Independent Monitoring: Despite numerous requests to the Ministries of Internal Affairs and Justice, government officials refused to meet with human rights advocates or approve requests from NGOs to visit detention and prison facilities. In its 2015 response to Paval Sapelka of the human rights NGO Vyasna, the head of Interior Ministry’s Corrections Department claimed it would be “inexpedient” for him to visit detention facilities and monitor their conditions.

Tajikistan

Section 1. Respect for the Integrity of the Person, Including Freedom from:

c. Torture and Other Cruel, Inhuman, or Degrading Treatment or Punishment

The constitution prohibits the use of torture. Although the government amended the criminal code in 2012 to add a separate article to define torture in accordance with international law, there were reports of beatings, torture, and other forms of coercion to extract confessions during interrogations. Officials did not grant sufficient access to information to allow human rights organizations to investigate claims of torture.

In the first three months of the year, 38 new cases of mistreatment were documented by the Coalition against Torture–a group of local nongovernmental organizations (NGOs)–with a number of victims alleging severe physical abuse. Specifically, 13 of 15 victims reported such abuse as beatings on the face, head, kidneys, and abdomen after the binding of legs and hands, and passing electrical current through nails. On March 28, Jovidon Hakimov stated in court his confession that he tried to recruit fighters for the extremist group ISIS was obtained under duress. Hakimov was accused of recruiting several citizens to fight for ISIS in Iraq and Syria. On March 30, a court sentenced Hakimov to 15 years in prison. According to his lawyers, Hakimov claimed police severely beat him during an interrogation following his January arrest. Hakimov’s lawyers alleged that Hakimov’s nose was broken during the interrogation and that police also subjected him to electric shock. Hakimov’s lawyers also claimed the court rejected their request for a medical examination of Hakimov to verify the physical abuse. Several police officers who testified at the Dushanbe court hearing rejected Hakimov’s claims.

There were conflicting reports on the mistreatment of imprisoned lawyer Buzurgmehr Yorov, in prison since 2015 (see section 1.e.). As of October the head of the pretrial detention center number 1 (SIZO) reported to Radio Free Europe Radio Liberty that Yorov had been held in solitary confinement since September 29; he denied allegations of torture and other mistreatment against Yorov. Yorov’s wife told journalists that the head of prison administration assured her that her husband was safe and said he was sent to solitary confinement after guards found money in his cell in violation of prison rules. Amnesty International reported that Yorov might have been held in solitary confinement four times. In contrast to the claims of the government, Yorov’s mother reported after a visit to the detention center that guards subjected her son and other cellmates to regular beatings, one of which allegedly resulted in his hospitalization at the detention center facility. She claimed also Yorov told her the beatings were accompanied by insults, humiliation, and threats.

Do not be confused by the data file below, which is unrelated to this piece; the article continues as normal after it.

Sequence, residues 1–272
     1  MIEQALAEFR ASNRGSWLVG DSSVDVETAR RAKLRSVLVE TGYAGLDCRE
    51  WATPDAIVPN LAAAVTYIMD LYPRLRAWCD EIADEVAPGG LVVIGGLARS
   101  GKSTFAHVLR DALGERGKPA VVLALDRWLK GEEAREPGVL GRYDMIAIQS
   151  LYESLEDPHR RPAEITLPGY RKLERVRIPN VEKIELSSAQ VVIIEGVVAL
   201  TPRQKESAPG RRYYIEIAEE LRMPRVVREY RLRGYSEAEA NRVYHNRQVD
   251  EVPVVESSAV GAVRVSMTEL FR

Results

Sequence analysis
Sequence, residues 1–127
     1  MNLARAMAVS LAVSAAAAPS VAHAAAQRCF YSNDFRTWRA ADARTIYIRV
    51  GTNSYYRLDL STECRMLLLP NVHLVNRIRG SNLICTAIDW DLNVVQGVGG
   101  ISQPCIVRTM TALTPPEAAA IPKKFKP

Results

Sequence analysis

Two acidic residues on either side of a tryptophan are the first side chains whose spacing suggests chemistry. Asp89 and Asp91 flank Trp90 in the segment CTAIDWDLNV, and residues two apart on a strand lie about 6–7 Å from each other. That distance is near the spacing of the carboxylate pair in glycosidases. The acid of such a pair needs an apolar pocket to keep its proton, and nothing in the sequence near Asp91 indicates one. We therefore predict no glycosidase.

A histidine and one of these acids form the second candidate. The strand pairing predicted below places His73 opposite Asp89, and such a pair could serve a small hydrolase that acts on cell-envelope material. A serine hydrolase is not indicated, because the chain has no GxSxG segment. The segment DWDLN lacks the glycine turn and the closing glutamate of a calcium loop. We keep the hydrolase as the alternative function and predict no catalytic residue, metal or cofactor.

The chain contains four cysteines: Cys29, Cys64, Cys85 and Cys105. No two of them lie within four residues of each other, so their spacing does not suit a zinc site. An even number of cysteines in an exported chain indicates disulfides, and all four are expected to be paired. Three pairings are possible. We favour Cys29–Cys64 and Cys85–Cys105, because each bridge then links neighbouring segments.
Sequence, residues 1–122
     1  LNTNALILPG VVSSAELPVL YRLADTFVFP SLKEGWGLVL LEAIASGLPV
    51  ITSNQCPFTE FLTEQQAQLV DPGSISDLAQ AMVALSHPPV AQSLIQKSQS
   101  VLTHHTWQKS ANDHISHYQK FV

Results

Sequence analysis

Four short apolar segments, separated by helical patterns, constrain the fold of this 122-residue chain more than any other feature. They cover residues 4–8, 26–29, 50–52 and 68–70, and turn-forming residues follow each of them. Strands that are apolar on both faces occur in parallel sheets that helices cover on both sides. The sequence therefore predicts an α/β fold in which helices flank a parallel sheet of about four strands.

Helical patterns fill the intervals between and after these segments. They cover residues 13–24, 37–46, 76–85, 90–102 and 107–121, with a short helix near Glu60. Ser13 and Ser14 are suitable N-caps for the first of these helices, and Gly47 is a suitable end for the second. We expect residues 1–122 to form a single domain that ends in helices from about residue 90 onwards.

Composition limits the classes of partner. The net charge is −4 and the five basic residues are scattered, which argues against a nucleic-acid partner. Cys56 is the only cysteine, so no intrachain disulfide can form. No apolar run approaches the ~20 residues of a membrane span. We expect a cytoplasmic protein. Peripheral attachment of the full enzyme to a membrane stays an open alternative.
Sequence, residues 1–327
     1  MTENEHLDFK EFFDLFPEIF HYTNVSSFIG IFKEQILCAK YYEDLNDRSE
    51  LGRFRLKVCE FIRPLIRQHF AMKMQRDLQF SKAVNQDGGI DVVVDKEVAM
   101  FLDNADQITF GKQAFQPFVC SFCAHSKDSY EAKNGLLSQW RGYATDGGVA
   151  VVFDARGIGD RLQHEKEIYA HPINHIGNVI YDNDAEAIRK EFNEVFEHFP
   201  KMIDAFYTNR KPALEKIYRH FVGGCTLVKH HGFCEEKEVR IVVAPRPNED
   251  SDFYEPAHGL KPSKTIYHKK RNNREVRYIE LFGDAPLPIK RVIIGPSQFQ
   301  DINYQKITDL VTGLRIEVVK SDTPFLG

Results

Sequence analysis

Prison and Detention Center Conditions

Prison conditions reportedly were harsh and life threatening due to overcrowding and unsanitary conditions.

Physical Conditions: The government operated 10 prisons, including one for women, and 12 pretrial detention facilities. Exact conditions in the prisons remained unknown, but detainees and inmates described harsh and life-threatening conditions, including extreme overcrowding and unsanitary conditions.

Penal Reform International, an organization conducting prison reform work with regional representation out of Kazakhstan, described the conditions in the women’s prison as frigid in the winter, with only intermittent electricity and heat, and a lack of food provisions for inmates and staff alike. Disease and hunger were serious problems. UN agencies reported that infection rates of tuberculosis and HIV in prisons were significant and the quality of medical treatment was poor. Authorities often held juvenile boys with adult men.

Administration: A government Office of the Ombudsman exists, and its ombudsman visited prisons but resolved fewer than 2 percent of filed complaints. NGOs reported mistrust of the ombudsman due to the office’s loyalty to the president and frequent dismissal of human rights concerns. A special monitoring group with ombudsmen and NGO representatives conducted announced visits of prison conditions. No known complaints were filed regarding specific prison conditions.